The richer part of town lies more to the north, and uphill. Here you'll see the Art Nouveau coming in. Many of its features are hidden though behind closed front doors. This is also the area where Le Corbusier's buildings are located - the Villa Jeanneret-Perret is a steep walk uphill, to a neighbourhood that must be occupied by millionaires.
In all I walked around the city for about 3 hours. I finished at the watchmaking museum - a must for people who are interested in science and technical things. I did not like it much, and was surprised that no space is given to show and tell the cultural history of the ordinary people who contributed to this industry. The city also could do with a good walking tour - there is one, but its yellow signs are small and scarce and there are no explanations about what you see. I picked up a leaflet at the Villa Jeanneret which provided me at least with some new adresses to explore. For example the Neo-Byzantine Synagogue and an old farm building that had survived the 1794 fire. But it missed out on other parts of town.
Stanislaw Warwas - March 2016
The best way to see and understand the gird of La Chaux de Font is to go to the Tourist Information Centre which is located in one of the tallest building in the city. There you can take the elevator straight to the roof from where you can admire the whole landscape. Is it something unique? I do not know but the rows of four-story houses help you understand the purpose of such constructions in such environment.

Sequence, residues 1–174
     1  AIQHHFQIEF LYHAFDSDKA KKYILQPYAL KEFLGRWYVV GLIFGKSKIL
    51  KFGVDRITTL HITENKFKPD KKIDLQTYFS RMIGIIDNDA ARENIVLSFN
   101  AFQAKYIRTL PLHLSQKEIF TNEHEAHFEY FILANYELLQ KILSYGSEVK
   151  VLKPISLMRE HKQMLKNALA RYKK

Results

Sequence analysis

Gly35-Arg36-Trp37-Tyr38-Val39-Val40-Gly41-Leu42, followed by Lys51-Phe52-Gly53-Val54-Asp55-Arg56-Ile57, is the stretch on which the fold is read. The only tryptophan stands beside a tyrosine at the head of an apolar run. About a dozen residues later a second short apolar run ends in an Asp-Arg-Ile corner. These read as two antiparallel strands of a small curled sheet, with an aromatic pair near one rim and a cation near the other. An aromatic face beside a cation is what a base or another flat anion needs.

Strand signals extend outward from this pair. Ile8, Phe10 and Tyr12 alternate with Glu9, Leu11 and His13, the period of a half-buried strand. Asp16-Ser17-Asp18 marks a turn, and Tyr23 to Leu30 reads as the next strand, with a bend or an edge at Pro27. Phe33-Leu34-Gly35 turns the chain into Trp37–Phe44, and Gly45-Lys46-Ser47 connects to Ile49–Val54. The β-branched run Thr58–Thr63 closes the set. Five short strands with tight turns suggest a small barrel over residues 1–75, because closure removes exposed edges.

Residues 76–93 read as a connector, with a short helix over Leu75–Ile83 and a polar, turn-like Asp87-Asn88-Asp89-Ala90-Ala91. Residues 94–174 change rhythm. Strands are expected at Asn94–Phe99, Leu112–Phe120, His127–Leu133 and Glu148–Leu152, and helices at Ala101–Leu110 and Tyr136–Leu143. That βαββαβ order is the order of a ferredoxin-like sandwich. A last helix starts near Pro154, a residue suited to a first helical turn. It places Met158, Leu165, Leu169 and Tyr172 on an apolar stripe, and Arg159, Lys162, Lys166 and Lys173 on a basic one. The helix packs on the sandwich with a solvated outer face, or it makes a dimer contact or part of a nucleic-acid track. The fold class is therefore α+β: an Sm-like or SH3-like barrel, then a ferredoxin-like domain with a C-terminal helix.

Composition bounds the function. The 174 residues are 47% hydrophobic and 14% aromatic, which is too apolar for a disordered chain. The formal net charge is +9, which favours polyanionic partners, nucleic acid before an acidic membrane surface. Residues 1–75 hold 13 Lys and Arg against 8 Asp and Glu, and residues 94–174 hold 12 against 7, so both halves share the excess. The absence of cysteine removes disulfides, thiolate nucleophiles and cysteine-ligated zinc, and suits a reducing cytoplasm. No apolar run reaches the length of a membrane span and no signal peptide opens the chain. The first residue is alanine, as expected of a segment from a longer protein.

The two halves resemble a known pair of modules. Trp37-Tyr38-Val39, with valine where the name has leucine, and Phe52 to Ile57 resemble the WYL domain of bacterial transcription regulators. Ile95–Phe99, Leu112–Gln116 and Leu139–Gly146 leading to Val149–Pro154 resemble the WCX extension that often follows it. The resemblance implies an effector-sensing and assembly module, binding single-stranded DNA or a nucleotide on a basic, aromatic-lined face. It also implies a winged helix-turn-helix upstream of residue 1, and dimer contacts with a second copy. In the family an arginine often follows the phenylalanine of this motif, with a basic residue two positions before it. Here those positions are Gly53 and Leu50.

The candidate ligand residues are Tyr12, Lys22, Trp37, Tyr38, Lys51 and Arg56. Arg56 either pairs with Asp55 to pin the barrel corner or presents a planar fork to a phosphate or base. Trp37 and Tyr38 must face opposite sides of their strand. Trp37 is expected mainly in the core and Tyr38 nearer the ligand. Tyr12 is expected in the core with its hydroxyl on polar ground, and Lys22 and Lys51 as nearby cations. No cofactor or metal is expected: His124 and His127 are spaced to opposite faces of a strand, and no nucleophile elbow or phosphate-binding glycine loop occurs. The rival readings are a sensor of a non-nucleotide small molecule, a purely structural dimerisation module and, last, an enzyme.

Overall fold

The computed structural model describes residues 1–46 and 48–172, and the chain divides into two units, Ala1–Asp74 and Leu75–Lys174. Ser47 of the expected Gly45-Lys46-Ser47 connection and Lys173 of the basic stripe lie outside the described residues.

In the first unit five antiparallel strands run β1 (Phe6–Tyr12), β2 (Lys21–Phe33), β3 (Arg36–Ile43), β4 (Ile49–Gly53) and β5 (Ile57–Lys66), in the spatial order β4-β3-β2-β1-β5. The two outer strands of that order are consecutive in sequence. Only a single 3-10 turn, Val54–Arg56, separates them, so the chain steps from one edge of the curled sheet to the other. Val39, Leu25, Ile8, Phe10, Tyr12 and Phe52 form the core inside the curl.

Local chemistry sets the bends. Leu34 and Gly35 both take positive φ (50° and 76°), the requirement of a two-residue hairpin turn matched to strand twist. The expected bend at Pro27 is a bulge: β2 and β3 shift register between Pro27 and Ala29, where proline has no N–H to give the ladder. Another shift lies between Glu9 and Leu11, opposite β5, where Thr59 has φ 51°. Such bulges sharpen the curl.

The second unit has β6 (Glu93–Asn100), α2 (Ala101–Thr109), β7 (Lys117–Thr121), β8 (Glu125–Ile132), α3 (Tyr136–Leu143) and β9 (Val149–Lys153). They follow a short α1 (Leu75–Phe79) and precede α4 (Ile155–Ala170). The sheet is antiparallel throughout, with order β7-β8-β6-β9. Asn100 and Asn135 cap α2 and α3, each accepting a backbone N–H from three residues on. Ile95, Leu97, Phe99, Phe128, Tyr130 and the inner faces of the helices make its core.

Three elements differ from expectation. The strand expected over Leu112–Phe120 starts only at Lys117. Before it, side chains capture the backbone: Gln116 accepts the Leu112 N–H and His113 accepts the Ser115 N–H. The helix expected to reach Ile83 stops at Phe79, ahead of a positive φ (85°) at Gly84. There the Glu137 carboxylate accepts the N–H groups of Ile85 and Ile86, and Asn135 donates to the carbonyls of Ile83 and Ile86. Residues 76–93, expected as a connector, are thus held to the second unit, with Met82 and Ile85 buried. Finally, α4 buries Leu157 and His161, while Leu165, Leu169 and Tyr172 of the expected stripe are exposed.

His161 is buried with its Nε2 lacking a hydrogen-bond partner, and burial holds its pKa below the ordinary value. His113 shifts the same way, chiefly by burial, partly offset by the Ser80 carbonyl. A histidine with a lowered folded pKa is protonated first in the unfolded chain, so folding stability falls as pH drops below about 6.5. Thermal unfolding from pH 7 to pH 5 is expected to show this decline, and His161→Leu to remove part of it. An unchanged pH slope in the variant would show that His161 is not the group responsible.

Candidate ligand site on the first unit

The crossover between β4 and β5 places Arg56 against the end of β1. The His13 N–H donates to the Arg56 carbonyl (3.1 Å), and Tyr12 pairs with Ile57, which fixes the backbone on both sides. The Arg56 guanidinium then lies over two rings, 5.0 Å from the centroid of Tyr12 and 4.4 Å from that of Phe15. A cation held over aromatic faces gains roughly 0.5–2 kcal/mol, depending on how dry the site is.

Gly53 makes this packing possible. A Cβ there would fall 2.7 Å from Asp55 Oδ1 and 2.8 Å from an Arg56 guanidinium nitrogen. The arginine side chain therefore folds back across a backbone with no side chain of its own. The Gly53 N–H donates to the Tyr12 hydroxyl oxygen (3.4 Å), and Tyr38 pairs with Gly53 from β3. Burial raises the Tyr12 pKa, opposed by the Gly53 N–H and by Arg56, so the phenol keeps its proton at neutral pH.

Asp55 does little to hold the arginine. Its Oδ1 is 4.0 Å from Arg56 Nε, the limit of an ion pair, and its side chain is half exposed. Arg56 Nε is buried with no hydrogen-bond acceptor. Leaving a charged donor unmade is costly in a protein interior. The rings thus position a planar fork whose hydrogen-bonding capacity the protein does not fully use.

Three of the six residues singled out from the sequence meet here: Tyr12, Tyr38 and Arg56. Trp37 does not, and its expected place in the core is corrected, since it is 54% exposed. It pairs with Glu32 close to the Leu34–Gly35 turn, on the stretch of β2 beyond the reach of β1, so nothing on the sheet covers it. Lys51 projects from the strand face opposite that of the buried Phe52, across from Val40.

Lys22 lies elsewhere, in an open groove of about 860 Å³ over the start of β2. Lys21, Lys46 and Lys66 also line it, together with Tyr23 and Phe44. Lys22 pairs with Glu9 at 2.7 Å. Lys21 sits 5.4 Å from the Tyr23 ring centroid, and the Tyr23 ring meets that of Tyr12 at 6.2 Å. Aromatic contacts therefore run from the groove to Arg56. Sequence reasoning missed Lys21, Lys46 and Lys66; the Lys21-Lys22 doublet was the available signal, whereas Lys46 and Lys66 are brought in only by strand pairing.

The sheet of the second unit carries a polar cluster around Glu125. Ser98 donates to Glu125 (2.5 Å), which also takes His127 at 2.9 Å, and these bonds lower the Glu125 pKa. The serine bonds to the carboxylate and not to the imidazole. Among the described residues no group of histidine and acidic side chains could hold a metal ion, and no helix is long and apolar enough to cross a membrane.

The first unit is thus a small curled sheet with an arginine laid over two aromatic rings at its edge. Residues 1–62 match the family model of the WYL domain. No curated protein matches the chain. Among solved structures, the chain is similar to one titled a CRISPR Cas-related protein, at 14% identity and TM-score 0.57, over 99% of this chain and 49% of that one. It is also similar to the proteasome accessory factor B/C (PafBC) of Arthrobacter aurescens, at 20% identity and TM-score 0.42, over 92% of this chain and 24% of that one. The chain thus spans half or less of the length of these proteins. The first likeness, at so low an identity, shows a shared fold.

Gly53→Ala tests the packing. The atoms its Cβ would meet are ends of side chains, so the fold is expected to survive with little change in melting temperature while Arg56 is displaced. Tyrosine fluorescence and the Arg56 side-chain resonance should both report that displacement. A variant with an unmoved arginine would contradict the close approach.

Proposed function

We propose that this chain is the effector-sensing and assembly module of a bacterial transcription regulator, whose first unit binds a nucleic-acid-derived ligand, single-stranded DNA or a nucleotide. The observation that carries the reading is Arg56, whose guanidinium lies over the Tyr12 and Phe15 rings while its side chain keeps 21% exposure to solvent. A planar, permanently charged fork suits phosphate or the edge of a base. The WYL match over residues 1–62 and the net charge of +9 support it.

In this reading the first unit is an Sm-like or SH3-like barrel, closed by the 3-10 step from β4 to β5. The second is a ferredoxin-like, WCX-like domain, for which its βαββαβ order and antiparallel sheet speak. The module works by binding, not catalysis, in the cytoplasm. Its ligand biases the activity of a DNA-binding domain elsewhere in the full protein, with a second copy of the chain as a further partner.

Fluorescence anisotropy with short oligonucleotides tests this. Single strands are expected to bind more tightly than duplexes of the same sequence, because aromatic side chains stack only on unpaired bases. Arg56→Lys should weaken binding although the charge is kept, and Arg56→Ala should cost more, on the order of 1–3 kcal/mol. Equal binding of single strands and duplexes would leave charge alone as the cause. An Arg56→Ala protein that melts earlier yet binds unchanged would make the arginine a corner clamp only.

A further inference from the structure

As birthplace of Le Corbusier, there are some early works of this architect in the city but at the time of my visit no one was open to the public.
Le Clos is much smaller but seems to be less monotonous.
Clyde - July 2013
I visited both sites in this WHS in July 2013. I preferred the smaller Le Locle and its buildings in a regular layout. La Chaux-des-Fonds didn't impress me much and most certainly isn't one of the top WHS in Switzerland. The Jura mountains nearby were much more interesting. The Watchmaking Museum is worth a visit but nothing spectacular.
john booth - September 2011
On arriving in La Chaux de Fond I went to the horological information centre at rue Jaquet-Droz 23. Here I sawa short film about La Chaux's role in history of watchmaking. I also received detailed information for a self-guided tour not only of La Chaux but also Le Locle.